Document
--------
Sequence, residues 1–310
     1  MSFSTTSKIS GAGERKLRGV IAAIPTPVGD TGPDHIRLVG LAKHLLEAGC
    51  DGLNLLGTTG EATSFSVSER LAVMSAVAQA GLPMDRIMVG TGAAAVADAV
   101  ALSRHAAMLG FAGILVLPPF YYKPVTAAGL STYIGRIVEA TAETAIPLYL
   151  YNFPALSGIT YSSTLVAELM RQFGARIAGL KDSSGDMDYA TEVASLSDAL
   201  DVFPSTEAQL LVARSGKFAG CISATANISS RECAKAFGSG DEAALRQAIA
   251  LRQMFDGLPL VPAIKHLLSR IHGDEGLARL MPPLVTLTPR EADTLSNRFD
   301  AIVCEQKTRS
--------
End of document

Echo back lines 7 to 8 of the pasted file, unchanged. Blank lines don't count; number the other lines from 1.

   251  LRQMFDGLPL VPAIKHLLSR IHGDEGLARL MPPLVTLTPR EADTLSNRFD
   301  AIVCEQKTRS